(Tokuyasu and Maher, 1987; Fürst et al., 1989) in differentiating myoblasts. These dots align on actin stress fibres
and are organized into Z-disks during the progression of
myofibrillogenesis (Dlugosz et al., 1984; Dabiri et al.,
1997). The titin molecule is constructed in a modular
fashion from ~280 immunoglobulin- and fibronectin-3like domains and specific sequences in the Z-disk, I-band
and M-band (Labeit and Kolmerer, 1995a). Only a small
region of titin, between 60 and 120 kDa of the ~3 MDa
protein, is localized within the Z-disk (Gautel et al., 1996;
Yajima et al., 1996). This central Z-disk region contains
four immunoglobulin-like domains (Labeit and Kolmerer,
1995a), several phosphorylation sites and a variable
number of copies of a specific protein motif, the 45 residue
Z-repeat (Gautel et al., 1996) (Figure 1A). It is now
evident that the Z-repeats are differentially spliced in the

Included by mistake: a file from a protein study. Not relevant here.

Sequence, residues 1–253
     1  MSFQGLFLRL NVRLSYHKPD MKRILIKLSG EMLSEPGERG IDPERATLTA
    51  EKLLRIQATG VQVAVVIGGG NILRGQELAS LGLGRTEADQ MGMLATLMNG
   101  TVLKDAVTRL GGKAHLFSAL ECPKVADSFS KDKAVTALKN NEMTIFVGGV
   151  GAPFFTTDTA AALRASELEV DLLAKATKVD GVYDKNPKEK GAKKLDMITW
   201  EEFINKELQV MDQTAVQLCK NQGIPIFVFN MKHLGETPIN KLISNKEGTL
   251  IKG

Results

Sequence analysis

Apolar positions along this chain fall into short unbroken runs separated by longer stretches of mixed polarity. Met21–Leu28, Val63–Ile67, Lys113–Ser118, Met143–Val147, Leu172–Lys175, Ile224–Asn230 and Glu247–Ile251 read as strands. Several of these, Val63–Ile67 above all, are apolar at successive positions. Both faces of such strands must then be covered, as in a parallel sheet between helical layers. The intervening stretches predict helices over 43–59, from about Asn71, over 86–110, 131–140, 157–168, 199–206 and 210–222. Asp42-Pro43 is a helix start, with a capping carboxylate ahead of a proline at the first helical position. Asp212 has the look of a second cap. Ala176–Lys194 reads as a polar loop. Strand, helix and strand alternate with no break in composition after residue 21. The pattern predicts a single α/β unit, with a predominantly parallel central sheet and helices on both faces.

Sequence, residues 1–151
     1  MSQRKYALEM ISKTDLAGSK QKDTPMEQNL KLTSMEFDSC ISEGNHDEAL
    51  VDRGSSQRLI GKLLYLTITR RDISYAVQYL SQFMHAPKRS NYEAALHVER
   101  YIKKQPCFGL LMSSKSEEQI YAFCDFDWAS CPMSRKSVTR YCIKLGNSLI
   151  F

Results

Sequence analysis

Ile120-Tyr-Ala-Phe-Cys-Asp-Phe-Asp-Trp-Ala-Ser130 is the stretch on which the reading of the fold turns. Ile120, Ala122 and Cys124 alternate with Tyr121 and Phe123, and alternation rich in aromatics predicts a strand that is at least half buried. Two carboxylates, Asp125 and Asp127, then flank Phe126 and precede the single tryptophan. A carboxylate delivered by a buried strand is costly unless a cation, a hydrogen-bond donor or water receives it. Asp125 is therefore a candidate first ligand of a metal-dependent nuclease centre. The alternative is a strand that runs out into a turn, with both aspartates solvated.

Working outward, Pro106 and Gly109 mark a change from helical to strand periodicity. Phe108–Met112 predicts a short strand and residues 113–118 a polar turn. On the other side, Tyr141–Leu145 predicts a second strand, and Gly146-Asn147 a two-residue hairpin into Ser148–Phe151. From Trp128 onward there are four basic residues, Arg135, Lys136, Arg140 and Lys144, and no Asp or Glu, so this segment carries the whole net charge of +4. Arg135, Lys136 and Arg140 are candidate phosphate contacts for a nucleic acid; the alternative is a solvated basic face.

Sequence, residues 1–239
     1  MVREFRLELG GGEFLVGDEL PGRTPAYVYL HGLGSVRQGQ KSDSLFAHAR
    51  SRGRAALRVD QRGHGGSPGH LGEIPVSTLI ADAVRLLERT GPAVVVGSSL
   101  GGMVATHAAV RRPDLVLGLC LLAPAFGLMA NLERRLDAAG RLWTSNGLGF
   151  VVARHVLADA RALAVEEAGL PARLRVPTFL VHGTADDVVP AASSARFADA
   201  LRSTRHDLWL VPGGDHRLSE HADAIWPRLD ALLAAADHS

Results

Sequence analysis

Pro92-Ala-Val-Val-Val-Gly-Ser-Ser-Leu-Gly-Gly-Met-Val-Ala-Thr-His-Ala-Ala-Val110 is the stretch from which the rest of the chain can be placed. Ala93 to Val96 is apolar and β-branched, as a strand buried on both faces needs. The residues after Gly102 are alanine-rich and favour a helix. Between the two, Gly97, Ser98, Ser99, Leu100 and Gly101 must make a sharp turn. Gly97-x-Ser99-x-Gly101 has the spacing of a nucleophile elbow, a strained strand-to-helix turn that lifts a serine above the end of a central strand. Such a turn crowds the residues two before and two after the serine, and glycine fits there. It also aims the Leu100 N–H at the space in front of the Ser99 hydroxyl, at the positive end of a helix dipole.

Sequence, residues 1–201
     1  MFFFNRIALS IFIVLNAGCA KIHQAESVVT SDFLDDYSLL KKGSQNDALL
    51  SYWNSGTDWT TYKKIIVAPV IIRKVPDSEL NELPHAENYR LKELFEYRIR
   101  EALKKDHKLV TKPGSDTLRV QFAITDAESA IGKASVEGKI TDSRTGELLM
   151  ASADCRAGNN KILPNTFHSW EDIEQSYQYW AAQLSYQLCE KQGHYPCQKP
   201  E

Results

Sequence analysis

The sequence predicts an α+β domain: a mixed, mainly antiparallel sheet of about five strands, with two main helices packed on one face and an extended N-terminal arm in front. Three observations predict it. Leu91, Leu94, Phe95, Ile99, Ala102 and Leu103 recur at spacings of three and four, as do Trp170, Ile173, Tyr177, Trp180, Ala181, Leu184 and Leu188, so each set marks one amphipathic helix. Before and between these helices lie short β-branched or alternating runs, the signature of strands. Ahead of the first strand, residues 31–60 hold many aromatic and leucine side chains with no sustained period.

central Z-disk region of titin (Gautel et al., 1996; Sorimachi
et al., 1997), and that their number correlates closely to
the thickness of Z-disks in the respective muscle type
(Ohtsuka et al., 1997a; Peckham et al., 1997). The simple
zig-zag Z-disk of avian fast muscle contains only two
Z-repeats (Ohtsuka et al., 1997a), whereas mammalian
Z-disks with two or more Z-filaments (Rowe, 1973)
contain four or more titin Z-repeats (Gautel et al., 1996;
Peckham et al., 1997; Sorimachi et al., 1997). Similarly,
the actin-binding repeats of nebulin are proposed to span
the Z-disk (Labeit and Kolmerer, 1995b) where adult and
fetal isoforms show different numbers of a special repeat
(Labeit and Kolmerer, 1995b; Wang et al., 1996).
If titin were indeed to act as a ruler for Z-disk assembly,
© Oxford University Press
Titin–α-actinin interactions in the sarcomeric Z-disk
the central Z-disk region of the molecule should contain
binding sites for other sarcomeric proteins. In agreement
with this, native titin binds to α-actinin in vitro (Jeng and
Wang, 1992). More specifically, recombinant fragments
of Z-disk titin bind to α-actinin (Turnacioglou et al., 1996;
Ohtsuka et al., 1997b). Genetic interaction screens have
identified a binding site for titin in the C-terminal domain
of α-actinin [homologous to calmodulin (CaM) but containing a non-functional EF hand], and localized this
interaction to a subset of the titin Z-repeats (Ohtsuka
et al., 1997a; Sorimachi et al., 1997). Titin Z-repeats form
two subgroups, the two invariant flanking repeats being